Go Racing consortium chief Christopher Stoddart's high-wire business style has paid off now that the racing rights deal has been agreed.
If the past month is anything to go by Go Racing chief executive Christopher Stoddart is in for a bumpy ride in the saddle of Britain's biggest horseracing TV consortium.

Earlier this month Stoddart was staring into an abyss. The newly appointed chief executive of horseracing rights consortium Go Racing had left the relative safety of GMTV to take charge of a company that appeared to have no future.

The consortium, which comprises Channel 4, BSkyB and Arena Leisure, had planned to close a£387m deal to secure British horseracing on TV for 10 years.

But a last-minute failure to secure access to crucial pre-race information, vital for operating betting services, with the British Horseracing Board (BHB) led to reports that the deal had collapsed. C4 threatened to pull out of the sport altogether.

All of Stoddart's negotiating skills were tested during tense through-the-night talks as Go Racing locked horns with the BHB in an attempt to nail down a licence for information on the runners and riders.

Arena Leisure chairman Graham Parr was also at that meeting and was impressed with Stoddart: 'I think he is a highly professional broadcaster with good business acumen which is the ideal complement to what we are looking for in Go Racing.'

Up to this point Stoddart's career has been like a game of draughts.

After graduating in philosophy he went to work for the Department of the Environment in the water and sewage division. 'It was my first mistake,' he says. Needless to say he did not stay there long and in 1988 joined Tyne Tees Television where he was director of resources. He then made his third career move becoming managing director of start-up firm Satellite Information Services, which provides TV images to bookmakers.

It was his first taste of running a brand new company - and one with a disparate set of shareholders: bookmakers Tote, Clive Hollick's MAI (which later became United Business Media) and the Racecourse Association.

Four years later he went back into TV as managing director of the Sunrise TV consortium, which controversially outbid TV-am to take the breakfast television licence and became GMTV, another company with a mixed bunch of shareholders. He remained there for almost a decade.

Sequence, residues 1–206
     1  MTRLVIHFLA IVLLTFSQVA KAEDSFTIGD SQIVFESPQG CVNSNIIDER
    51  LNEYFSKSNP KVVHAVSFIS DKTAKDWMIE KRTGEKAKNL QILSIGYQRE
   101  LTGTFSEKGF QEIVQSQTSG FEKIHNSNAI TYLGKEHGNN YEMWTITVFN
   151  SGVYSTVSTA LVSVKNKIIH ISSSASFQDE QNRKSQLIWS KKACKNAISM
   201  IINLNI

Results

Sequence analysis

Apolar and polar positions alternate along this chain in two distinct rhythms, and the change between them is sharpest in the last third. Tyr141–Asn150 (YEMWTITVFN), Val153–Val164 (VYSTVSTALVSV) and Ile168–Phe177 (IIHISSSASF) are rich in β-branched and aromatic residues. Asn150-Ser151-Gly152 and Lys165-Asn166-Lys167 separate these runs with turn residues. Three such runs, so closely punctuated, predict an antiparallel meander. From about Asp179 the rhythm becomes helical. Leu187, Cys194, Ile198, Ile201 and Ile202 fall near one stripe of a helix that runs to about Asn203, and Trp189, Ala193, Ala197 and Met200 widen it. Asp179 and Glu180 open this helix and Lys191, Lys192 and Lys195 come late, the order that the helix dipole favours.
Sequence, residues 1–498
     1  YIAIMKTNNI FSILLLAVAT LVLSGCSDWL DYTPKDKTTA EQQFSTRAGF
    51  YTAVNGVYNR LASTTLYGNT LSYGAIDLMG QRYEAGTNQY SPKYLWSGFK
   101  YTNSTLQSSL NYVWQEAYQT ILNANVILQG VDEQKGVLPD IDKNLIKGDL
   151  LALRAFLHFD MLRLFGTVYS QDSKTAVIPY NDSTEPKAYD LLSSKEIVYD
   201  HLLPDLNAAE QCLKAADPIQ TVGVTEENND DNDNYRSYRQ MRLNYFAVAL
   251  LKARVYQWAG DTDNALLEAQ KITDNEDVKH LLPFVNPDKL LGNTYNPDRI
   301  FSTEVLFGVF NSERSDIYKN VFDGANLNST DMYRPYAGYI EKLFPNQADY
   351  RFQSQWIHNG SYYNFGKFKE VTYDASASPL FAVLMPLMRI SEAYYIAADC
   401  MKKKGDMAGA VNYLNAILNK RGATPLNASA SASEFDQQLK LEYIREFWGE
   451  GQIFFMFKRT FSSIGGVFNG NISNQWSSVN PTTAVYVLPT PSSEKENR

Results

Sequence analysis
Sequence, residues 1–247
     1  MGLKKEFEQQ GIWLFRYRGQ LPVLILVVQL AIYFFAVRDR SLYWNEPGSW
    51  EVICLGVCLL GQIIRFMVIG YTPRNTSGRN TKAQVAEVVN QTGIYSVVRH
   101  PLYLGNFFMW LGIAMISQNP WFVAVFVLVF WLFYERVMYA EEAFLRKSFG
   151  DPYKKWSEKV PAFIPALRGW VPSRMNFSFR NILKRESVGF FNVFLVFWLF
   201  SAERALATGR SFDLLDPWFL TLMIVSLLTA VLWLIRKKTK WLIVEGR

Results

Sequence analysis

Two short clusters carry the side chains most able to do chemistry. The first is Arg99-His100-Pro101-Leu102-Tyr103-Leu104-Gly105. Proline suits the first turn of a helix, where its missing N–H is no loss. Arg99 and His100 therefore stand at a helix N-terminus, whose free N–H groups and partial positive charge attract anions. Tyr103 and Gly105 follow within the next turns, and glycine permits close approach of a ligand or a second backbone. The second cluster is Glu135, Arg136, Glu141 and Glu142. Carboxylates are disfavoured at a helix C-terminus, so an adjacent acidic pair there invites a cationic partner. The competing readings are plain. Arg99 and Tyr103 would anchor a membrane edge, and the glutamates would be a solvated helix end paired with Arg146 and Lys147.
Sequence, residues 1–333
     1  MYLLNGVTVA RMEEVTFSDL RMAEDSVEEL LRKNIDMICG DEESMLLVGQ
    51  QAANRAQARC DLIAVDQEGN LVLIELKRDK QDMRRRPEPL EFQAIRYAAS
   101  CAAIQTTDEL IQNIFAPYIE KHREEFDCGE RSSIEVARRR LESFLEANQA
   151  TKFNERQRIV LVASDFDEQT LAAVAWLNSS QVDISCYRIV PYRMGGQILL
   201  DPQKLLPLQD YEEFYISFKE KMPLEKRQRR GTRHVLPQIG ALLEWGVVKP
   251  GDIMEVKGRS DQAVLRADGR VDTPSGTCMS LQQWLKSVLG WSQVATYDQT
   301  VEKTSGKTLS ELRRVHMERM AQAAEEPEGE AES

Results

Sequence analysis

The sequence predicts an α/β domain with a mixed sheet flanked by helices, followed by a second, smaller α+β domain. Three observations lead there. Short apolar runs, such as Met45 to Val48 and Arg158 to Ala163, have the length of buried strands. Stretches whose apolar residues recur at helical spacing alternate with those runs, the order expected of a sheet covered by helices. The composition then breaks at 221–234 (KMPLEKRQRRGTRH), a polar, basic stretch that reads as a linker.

It is this mix of experience - launching a company, managing the interests of powerful shareholders and having been both on the media and horseracing side of the fence - that his backers feel makes him a strong candidate to take charge of Go Racing.

'In his first month he has demonstrated his quality in all these areas,' says C4 director of strategy David Brooke.

Arena Leisure non-executive director Graham Parr echoes praise for Stoddart's tenacity and adds that he is a good negotiator: 'He's been very much involved in the talks and doesn't just see the TV side, he considers the business side of it as well.'

But some observers say Stoddart has been out of racing for too long.

One racing source claims: 'Stoddart is a TV man essentially. He has come in very late in the day (in the deal) and he is not really a horseracing man.'

Even Stoddart admits that he is not a horseracing aficionado and only occasionally goes to the races as a part of corporate events. But he claims that his move from GMTV was overdue and that he had fulfilled his ambition to push the broadcaster into profits.

Chance seems to be a theme in Stoddart's life. He says that life at GMTV 'never seemed that safe' and he was attracted to Go Racing because of the uncertainty in the sport. 'I like the risk in it,' he says coolly.

'(Go Racing) is ambitious and involves a lot of different platforms and ideas that need a lot of thinking through and a lot of delivering.'

GMTV finance director Simon Davey recalls the competitive side of Stoddart.

Whilst cycling round the Dead Sea for charity in 1996 Stoddart was in joint first place out of 90 riders as they approached the finishing line.

He says: 'Chris was wearing the yellow jersey as we arrived in Jerusalem. He is extremely competitive and has a wicked sense of humour.'

With as much drama as a photo finish at the Grand National, Stoddart's Go Racing seems to have finally sealed a deal. But you can't rule anything out in this sport.